Loathing can be a profitable motivator. Just ask Steve Singh, CEO and board chairman of Redmond-based Concur Technologies (Nasdaq: CNQR), about filing expense reports. In his prior travel-heavy post, he put off submitting any for the first nine months of the job. Catching up on all the paperwork, sorting receipts and completing forms took nearly a full work week of his time. Of the necessary irritation, Singh says, “I’m not a fan.”
Mike Hilton, the company’s cofounder and current executive vice president of worldwide marketing, agrees. “It’s painful,” he winces. “Everybody hates it.”
Yet for the past 18 years, Singh, his brother Rajeev, and Hilton have grown a company whose single-minded focus is the expense report. Concur provides on-demand software services through the internet that simplify creating, submitting and processing them. But it’s not from any fondness. The company’s mission is really more like a vendetta. It wants to make the despised expense report disappear—or at least become a virtually effortless task that no one dreads.
Lots of companies have signed onto the mission. More than 15,000 firms in 100 countries pay subscription fees to Concur for access to its cloud-based travel booking and expense reporting services. In the fiscal year ended September 13, 2011, total revenues were $349.5 million, up 19 percent from the year before.
Despite the rapid growth, Singh and investors say the market remains largely untapped. Most companies still rely on handwritten forms with stapled receipts to reimburse employees for their expenses. Concur provides its subscribers access to standardized online expense reporting that can be easily integrated into a company’s accounting system to create a streamlined, ultimately paperless experience. It lowers processing costs, offers opportunities for expense control and speeds reimbursements to employees.
“Concur has always been a very well-run company with big growth prospects,” says John Kraft, an analyst at Portland’s financial services holding company D.A. Davidson, which maintains a positive rating for the company. “They’re a nice breath of fresh air in that they’re focused on the future.”
Steve Singh is investing heavily to make sure Concur emerges as the global leader in its market segment, maintaining a dizzying pace of acquisitions, partnerships and expansions into new global markets. Those investments contributed to an $11 million net loss last year. Still, analysts are so confident of the management team that the company’s stock is valued at nearly 50 times earnings, giving the business a market capitalization of more than $2.5 billion.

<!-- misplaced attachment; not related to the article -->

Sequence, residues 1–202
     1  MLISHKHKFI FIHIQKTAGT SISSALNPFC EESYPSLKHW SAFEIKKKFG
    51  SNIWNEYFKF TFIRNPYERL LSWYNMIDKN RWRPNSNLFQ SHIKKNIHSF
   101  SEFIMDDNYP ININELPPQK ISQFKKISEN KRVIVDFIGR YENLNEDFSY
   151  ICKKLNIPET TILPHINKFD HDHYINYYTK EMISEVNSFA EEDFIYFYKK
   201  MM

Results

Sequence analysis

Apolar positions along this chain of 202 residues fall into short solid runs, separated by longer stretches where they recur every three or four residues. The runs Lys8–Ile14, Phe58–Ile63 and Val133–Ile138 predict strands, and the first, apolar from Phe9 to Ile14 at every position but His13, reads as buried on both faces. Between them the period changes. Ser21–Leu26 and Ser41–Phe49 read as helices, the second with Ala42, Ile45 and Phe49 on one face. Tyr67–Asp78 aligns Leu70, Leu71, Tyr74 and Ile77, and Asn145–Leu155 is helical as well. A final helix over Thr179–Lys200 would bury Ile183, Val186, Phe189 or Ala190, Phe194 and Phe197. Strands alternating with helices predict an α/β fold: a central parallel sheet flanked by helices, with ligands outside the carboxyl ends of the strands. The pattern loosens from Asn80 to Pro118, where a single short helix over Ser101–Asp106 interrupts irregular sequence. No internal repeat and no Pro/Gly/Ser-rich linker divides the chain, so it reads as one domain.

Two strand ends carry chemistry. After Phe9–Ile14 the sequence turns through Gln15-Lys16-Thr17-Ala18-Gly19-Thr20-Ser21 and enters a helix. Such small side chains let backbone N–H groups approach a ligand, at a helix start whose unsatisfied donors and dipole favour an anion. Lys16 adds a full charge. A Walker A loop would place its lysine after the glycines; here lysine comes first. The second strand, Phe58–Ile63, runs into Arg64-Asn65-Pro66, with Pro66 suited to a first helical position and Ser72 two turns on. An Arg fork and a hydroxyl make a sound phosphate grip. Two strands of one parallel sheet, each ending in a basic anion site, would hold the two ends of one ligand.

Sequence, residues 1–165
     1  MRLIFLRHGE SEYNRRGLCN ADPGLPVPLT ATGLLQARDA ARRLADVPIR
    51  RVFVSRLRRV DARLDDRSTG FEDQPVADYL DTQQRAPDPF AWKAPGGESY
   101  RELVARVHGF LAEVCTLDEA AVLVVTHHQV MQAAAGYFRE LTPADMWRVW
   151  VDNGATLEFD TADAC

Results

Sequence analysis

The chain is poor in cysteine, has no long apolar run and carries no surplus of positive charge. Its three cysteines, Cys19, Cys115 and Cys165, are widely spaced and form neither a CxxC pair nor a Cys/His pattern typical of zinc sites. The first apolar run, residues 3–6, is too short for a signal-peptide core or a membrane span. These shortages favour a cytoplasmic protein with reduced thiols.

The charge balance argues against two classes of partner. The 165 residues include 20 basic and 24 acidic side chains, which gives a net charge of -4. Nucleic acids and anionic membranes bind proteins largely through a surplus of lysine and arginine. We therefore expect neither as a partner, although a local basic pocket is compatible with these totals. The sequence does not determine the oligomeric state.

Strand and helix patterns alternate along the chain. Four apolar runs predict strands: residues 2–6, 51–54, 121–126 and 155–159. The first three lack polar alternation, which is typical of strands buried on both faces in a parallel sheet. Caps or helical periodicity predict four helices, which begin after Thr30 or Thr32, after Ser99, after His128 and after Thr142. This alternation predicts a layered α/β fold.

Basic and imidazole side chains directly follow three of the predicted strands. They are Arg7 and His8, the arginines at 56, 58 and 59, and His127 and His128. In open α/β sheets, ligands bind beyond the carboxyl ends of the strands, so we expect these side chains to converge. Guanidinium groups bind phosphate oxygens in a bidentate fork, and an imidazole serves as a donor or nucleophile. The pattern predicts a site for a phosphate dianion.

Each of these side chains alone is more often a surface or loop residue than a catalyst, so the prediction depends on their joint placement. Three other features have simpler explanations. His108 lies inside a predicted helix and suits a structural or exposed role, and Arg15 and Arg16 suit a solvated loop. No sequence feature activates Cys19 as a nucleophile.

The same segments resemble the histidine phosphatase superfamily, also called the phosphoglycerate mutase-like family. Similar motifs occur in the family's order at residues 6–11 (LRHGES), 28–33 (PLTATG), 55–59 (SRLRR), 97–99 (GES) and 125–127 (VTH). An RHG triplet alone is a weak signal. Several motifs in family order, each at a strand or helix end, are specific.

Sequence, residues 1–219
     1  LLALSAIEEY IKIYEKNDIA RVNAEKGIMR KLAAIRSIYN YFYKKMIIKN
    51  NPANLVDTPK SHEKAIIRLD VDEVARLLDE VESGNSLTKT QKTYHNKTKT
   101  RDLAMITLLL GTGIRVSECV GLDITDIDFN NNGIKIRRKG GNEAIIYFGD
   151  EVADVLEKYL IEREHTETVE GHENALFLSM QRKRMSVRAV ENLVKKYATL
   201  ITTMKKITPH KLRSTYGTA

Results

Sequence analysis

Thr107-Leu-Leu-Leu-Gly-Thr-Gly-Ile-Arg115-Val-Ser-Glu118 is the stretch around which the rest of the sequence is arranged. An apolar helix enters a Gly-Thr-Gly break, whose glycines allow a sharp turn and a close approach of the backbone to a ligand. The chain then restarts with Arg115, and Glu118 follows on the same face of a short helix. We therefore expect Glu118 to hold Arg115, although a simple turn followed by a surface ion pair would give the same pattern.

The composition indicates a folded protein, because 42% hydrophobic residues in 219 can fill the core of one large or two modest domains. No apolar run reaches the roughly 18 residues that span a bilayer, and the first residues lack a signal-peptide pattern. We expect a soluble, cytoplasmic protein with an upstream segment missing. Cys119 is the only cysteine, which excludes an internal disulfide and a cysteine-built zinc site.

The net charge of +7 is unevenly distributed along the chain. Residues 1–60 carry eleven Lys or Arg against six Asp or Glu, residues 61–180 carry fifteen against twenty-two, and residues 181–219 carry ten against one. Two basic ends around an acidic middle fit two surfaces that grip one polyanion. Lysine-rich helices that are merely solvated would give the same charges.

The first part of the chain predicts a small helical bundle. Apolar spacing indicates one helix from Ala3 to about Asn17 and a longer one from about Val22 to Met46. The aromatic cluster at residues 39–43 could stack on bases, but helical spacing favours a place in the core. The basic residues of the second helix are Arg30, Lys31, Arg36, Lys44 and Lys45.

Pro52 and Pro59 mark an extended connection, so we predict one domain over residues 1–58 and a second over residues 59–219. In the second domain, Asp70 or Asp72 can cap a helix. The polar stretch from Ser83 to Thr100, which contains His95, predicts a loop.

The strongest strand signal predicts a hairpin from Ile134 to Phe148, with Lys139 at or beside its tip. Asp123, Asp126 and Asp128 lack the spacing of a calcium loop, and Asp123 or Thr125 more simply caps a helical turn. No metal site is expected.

That’s a far distance from the spring day in 1993 when Singh called his younger brother Rajeev back home in Michigan to tell him he had an idea for a new firm. Steve had already launched one startup, a contact management company he sold to software security firm Symantec. He wanted Rajeev, who had just graduated from college, to come to Silicon Valley and work with software engineer Mike Hilton to create an expense-reporting program.
“I thought I would take a stab at it for six months before going to law school,” Rajeev recalls, “but I got the bug and I never left.” Steve joined the company as CEO in 1996 after his obligations to Symantec were fulfilled.
The three-person partnership became the core of Concur’s leadership team and remains so to this day. Steve is the temperate spokesperson, a knowledgeable chief executive and a reassuring face to investors. Rajeev, now president and COO, is a personable, hands-on manager and, according to Steve, “a terrific operations executive.” Mike, the development engineer now heading worldwide marketing, is a thoughtful driver of excellence and, vouches Rajeev, “as much a brother to me as Steve is.” The move of the company to Redmond was a group choice for a place to raise their families, where their children have grown close.
In its first six years, Concur’s technology rapidly evolved from a desktop software package to a client-server product, then to cloud-based web pages browsed on the company’s secure network. Concur went public in 1998 and its stock price soared from its issue price of $12.50 to a high of $59 as the business quickly diversified into new markets, addressing such back-office functions as procurement and HR. But with the dot.com bust, investment in all forms of IT plunged and the share price fell to a low of 31 cents. The plunge in stock price shook not only the faith of investors, but also the confidence of the three partners. “There were plenty of times we looked in the mirror and asked, ‘Are we the right guys?’” Rajeev recalls.